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Agreed. There is more information on the new IEEE 802.11ae-2012 standard on the IEEE website: https://standards.ieee.org/findstds/standard/802.11ae-2012.html 10:38, 7 May 2012 — Preceding unsigned comment added by 220.127.116.11 (talk)
Colleagues. I have reviewed the new 802.11-2012 standard (IEEE released it to the 'GET' program just yesterday). There are so many new additions (and changes), that I believe it deserves it's own article -- so I created an initial draft. If you care to review and/or expand upon it, please examine it here: http://en.wikipedia.org/wiki/Wikipedia_talk:Articles_for_creation/IEEE_802.11-2012 — Preceding unsigned comment added by Paul.j.richardson (talk • contribs) 16:49, 2 October 2012 (UTC)
In Standard and amendments you find a lot of 802.11 protocols, in section Protocols only the main protocols a,b,g,n and new for me 802.11-2007. I like the table in Protocols, so is it possible to merge this two sections?18.104.22.168 (talk) 14:52, 1 October 2013 (UTC) br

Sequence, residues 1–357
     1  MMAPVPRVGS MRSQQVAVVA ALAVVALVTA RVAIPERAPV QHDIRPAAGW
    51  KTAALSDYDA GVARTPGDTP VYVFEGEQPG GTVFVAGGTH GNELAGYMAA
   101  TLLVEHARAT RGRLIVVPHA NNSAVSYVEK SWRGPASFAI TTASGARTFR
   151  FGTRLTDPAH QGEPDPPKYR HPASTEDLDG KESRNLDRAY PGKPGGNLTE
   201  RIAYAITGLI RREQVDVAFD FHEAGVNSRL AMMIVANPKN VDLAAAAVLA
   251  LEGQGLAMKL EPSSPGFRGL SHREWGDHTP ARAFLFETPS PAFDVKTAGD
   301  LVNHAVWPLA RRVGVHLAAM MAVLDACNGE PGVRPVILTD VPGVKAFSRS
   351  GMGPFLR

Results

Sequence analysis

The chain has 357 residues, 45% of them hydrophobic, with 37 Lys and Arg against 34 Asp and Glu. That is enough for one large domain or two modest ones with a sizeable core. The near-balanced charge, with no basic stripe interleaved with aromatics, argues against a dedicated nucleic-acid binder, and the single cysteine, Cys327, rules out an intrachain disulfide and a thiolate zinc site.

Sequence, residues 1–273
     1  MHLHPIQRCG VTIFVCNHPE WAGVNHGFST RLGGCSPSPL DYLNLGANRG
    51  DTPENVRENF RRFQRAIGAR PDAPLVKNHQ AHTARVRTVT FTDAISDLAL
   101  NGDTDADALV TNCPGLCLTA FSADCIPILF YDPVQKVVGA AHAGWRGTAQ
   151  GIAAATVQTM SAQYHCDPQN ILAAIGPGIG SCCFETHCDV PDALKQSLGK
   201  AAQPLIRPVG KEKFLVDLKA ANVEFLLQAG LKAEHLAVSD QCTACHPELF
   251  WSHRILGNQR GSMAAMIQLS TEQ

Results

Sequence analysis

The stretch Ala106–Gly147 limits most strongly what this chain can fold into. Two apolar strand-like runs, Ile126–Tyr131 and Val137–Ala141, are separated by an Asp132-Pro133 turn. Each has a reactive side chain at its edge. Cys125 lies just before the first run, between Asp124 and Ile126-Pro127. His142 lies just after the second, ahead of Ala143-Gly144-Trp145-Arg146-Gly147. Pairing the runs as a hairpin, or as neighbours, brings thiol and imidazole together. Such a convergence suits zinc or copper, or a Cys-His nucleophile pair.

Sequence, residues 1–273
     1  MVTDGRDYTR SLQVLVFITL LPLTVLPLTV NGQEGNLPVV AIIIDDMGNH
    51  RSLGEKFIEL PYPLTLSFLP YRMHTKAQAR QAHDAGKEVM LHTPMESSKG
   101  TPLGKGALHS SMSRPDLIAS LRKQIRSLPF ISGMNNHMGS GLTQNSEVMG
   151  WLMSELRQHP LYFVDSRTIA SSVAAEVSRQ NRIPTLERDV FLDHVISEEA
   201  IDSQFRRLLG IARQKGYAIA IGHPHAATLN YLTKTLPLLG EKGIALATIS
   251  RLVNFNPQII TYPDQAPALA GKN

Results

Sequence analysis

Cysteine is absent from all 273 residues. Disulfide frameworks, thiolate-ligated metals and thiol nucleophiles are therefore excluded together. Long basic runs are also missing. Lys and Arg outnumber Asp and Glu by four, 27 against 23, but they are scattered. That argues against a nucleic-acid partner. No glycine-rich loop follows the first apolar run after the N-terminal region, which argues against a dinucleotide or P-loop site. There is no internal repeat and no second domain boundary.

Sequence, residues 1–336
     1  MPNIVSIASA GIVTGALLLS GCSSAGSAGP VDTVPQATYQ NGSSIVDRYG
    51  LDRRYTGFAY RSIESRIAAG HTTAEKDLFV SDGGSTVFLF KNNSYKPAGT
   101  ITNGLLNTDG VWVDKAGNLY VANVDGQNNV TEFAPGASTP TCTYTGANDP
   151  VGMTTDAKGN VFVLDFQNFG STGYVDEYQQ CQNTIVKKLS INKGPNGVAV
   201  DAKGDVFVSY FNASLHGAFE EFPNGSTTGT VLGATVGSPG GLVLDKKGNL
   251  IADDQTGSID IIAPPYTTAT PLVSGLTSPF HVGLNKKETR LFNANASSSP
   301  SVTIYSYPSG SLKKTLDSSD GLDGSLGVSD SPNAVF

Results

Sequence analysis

- I don't understand why this very important start on an article is being rejected by Wikipedia. Does Wikipedia no longer allow stubs? If so that seems like a very bad move by Wikipedia. Vaughan Pratt (talk) 00:20, 22 August 2014 (UTC)
Article does not meet Wiki standards
Wireless N redirects here. About.com says: "Answer: Wireless N is a name for hardware gadgets that support 802.11n Wi-Fi wireless networking."
This article seems too technical and full of jargon, which is another way of saying it's poorly written. Wiki guidelines require that articles be accessible to the average user (IMO; at least in the lead section). Duh. It describes a bunch of rules but does not explain what the hardware gadgets do, what such a device is called, what purpose these devices serve, etc. The Big Picture. Suggest looking at some other sources such as perhaps: What Is Wireless N? or youtube's Wireless G vs N explained for suggestions to better explanations. See also: Wikipedia:Manual of Style (lead section).
Please remember that a list of facts is not an explanation. A list of parts does not describe a car nor any other system. Thanks.
--22.214.171.124 (talk) 04:07, 17 July 2014 (UTC)Doug Bashford